Saturday, June 06, 2009

Keep To The Right

The Chinese do not have the tradition of driving, as we do here in the States. We’ve been doing it for ninety years, as a fairly common thing (well, at least “not uncommon”), while the average person over there still has not had the opportunity.

Witness any tv shots of their traffic protocols. There aren’t any. Or, what do exist don’t seem to be observed and them what are there don’t seem to mean much.

We instinctively know what to do from our earliest years on this planet. Any person old enough to think knows that cars keep to the right, that traffic lights are in certain positions and the colors have important meanings. Streets have lines for a reason and it’s important to wear seat belts and/or child seats.

We have almost a genetic predisposition about these things. But a country where it’s all pretty new will have problems for a generation while they sort it out. Right now, it’s confusing, based on the way it’s been done for ages past; when the little children get old enough to drive, things will be better; their children will be as instinctive as ours are now.

We’re instinctive about our language, but the “English Only” faction doesn’t realize that their grandparents had a learning curve, as well, when they came over from the Old Country. It took a generation or two before they completely assimilated in speech. First, only Polish; second Polish at home, accent at work; third straight English. Cars, speech, air travel all have the “third generation” factor.


Anonymous Anonymous said...

Your last paragraph touches home,being a 1st generation immigrant.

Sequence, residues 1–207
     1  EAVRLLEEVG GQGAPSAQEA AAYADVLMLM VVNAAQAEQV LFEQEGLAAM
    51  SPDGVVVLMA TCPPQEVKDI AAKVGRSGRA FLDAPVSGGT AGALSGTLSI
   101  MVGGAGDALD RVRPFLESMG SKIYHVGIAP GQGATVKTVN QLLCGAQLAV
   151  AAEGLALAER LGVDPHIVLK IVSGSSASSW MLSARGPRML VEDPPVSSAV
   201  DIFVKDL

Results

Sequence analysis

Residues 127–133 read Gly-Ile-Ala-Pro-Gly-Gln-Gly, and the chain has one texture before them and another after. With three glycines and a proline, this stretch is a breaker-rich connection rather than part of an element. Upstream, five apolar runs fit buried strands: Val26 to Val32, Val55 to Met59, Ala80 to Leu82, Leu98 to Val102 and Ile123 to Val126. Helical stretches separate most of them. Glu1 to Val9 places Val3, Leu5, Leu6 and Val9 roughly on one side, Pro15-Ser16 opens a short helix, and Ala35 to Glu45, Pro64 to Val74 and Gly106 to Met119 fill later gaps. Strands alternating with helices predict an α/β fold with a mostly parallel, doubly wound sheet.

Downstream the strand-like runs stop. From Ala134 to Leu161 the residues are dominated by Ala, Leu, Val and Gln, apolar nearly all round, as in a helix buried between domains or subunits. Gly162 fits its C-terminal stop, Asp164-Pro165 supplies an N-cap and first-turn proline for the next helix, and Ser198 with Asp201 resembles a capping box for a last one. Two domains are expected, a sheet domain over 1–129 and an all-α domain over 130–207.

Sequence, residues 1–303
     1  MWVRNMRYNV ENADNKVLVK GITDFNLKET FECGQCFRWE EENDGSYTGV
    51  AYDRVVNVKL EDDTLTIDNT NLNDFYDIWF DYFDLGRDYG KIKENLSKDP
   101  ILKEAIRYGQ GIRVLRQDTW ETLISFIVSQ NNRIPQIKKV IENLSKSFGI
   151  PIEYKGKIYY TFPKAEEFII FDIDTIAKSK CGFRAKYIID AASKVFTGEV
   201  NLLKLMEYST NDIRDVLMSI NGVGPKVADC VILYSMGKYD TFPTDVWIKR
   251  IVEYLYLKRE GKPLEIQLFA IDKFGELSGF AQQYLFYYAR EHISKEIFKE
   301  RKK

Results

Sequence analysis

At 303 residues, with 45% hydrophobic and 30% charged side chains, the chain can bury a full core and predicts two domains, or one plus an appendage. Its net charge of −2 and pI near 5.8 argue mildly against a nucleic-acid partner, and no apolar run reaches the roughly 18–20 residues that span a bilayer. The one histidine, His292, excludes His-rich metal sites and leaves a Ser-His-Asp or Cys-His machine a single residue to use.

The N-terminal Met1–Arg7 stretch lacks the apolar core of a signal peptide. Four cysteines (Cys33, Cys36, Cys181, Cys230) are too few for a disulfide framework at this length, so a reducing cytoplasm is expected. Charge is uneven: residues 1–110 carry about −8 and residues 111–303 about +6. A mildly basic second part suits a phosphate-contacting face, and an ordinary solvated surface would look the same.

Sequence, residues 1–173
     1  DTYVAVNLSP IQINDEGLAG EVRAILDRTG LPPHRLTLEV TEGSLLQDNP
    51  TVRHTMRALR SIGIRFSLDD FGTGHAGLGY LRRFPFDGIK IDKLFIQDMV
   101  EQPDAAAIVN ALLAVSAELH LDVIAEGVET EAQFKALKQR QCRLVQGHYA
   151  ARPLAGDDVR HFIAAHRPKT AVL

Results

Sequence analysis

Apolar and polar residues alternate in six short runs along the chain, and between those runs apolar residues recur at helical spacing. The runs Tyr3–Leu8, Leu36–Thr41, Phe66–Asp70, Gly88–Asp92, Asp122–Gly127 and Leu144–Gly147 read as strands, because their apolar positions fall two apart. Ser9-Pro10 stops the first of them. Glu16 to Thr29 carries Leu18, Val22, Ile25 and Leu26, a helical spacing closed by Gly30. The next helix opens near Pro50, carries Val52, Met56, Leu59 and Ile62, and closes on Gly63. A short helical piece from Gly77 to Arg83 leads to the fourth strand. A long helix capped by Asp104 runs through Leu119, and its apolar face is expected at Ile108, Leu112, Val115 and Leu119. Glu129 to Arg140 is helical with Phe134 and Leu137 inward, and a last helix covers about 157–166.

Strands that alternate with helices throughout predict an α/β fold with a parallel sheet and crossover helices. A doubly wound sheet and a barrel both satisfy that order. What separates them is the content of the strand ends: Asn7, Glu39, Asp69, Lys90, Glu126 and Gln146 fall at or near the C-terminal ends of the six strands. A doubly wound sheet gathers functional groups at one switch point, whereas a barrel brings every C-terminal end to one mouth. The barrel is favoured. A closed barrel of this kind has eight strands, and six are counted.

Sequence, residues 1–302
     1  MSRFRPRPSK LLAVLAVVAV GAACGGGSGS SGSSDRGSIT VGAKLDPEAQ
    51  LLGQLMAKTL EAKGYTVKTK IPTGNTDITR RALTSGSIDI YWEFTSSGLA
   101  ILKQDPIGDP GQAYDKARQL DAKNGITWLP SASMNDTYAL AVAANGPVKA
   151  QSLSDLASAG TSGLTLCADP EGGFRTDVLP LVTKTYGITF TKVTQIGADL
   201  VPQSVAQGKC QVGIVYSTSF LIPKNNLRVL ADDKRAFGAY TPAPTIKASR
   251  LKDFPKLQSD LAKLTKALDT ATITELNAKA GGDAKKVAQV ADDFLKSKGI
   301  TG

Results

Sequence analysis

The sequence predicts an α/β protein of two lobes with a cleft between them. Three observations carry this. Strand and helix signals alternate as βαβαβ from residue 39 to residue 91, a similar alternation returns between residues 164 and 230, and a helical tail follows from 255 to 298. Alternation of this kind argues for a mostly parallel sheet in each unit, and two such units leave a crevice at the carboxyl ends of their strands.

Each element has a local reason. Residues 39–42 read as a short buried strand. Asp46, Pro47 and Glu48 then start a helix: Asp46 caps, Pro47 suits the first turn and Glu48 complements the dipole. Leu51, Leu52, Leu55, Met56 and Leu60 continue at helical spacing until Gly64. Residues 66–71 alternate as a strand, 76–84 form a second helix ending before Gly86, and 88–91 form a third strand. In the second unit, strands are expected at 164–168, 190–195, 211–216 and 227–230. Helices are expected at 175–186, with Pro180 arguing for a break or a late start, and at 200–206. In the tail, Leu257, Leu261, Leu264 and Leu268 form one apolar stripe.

What people tend to do is that they adopt and adapt to their new country and toss out everythnig in their past. This is so sad because your kids will never enjoy your culture and consequently lose their heritage.

If one generation loses the language of their parents, it is all over, no matter what they may learn in school later on by studying foreign languages, they have lost their culture and their heritage is in name only.

Exit 318 Québec, Canada

June 08, 2009 7:24 AM  
Anonymous Anonymous said...

As for driving...In Casablanca, he who has the loudest horn has the right of way

Exit 318

June 08, 2009 7:26 AM  
Blogger Tom Carten said...

1) Never argue the right-of-way with someone whose vehicle has more wheels than yours.

2) The right-of-way is something the other guy gives you. If he doesn't give it to you, you don't have it.

June 08, 2009 10:30 AM  
Anonymous Anonymous said...

Way back in 1967, my driving teacher told me if I drove based on an academic understanding of right-of-way, I might find myself arguing my case before St. Peter. It's better to give it away than lose it (and perhaps one or two limbs) in a test of wills.

June 11, 2009 10:40 AM  

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